Category: 3D Printing

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Video Friday: Peter Diamandis on Abundance 360 and Exponential Technologies (2014)

This Draw Shop video, originally created for entrepreneurs in Peter Diamandis’ Abundance 360 coaching program, illustrates the powerful implications of six key technologies: 3D printing, robotics, artificial intelligence, the “Internet of Things,” infinite computing and synthetic biology.

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Prosumption Architecture: The Decentralisation of Architectural Agency as an Economic Imperative

The line between the consumers and producers of commercial objects is increasingly becoming blurred in the 21st century. As an economic imperative for consumer participation is quickly emerging, more than ever before businesses are turning to consumers to guide their creative decisions. Crucially this could begin to have a significant impact on the way that cities and their commercial architecture is designed and evaluated, through the promotion of consumers as direct, collective decision makers.

Referring to key economic theorists; the work of contemporary architectural practitioners; while additionally including first hand interaction with one of the world’s most successful prosumption communities, this essay attempts to construct an argument for the value of consumer involvement in the active design of 21st century commercial architecture.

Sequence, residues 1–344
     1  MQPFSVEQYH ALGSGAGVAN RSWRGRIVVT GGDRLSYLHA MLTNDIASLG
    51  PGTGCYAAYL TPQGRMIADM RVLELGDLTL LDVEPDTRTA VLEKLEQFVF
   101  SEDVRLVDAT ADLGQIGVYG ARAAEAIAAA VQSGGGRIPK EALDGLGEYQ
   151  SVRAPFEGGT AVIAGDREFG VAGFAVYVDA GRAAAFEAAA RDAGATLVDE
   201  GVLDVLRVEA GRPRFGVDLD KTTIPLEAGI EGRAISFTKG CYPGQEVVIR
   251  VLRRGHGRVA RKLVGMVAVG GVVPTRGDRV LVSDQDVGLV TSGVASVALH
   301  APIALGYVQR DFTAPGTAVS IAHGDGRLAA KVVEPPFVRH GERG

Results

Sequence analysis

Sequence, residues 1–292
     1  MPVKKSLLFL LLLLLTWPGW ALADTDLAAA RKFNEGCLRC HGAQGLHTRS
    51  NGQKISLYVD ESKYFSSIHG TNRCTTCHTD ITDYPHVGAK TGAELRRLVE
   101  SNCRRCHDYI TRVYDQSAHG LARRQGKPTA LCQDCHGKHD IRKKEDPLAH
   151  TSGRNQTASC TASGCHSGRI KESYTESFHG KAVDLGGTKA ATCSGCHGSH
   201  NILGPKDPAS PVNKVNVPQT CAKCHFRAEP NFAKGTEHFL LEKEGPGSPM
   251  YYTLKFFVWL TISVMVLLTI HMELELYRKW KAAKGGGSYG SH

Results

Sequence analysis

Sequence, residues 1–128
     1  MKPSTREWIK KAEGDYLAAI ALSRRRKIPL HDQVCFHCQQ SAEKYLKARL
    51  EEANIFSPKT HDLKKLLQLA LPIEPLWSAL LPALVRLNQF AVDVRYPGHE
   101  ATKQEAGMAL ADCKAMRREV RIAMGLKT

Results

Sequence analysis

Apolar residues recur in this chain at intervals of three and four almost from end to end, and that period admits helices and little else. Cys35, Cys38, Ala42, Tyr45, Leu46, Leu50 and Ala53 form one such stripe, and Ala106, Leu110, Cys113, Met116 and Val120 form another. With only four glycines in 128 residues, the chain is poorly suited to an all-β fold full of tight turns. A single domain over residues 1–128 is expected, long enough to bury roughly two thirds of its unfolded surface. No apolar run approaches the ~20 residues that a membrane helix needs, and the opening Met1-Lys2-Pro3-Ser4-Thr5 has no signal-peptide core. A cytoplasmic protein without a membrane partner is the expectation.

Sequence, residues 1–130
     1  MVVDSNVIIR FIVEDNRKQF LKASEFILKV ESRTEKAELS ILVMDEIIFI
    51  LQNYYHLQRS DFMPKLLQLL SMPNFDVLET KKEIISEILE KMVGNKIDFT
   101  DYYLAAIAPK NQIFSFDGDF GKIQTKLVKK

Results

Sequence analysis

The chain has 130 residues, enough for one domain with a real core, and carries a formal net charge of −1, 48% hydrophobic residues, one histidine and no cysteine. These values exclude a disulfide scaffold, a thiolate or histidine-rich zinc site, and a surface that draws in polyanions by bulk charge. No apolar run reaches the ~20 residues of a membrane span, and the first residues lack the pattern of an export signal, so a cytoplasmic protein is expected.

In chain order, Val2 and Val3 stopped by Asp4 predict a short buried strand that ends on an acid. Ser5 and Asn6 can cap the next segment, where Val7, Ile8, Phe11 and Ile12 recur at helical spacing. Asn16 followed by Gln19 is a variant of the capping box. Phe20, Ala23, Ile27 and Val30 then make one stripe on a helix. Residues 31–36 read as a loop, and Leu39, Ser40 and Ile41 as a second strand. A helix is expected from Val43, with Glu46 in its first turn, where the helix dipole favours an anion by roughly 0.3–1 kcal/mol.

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Book Review: The Infinite Resource by Ramez Naam (2013)

The Infinite Resource: The Power of Ideas on a Finite Planet is IEET Fellow Ramez Naam’s case for a market-driven solution that will simultaneously preserve the current economic order and avert all resource shortages and existential threats, allowing the global population to reach 10 billion and live the lifestyle of middle class US citizens.

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Additive manufacturing as global redesigning of politics

3D printers (ie, three-dimensional, since they work by adding layers of material one on top of the other) are beginning to generate a lot of comments. They suggest potentially important changes in the way of making a range of everyday objects. But this is not the only possibility. Certainly, there are technical and economic implications, but beyond this, there could also be more structural and far-reaching political effects. It is these effects that this contribution aims to explore.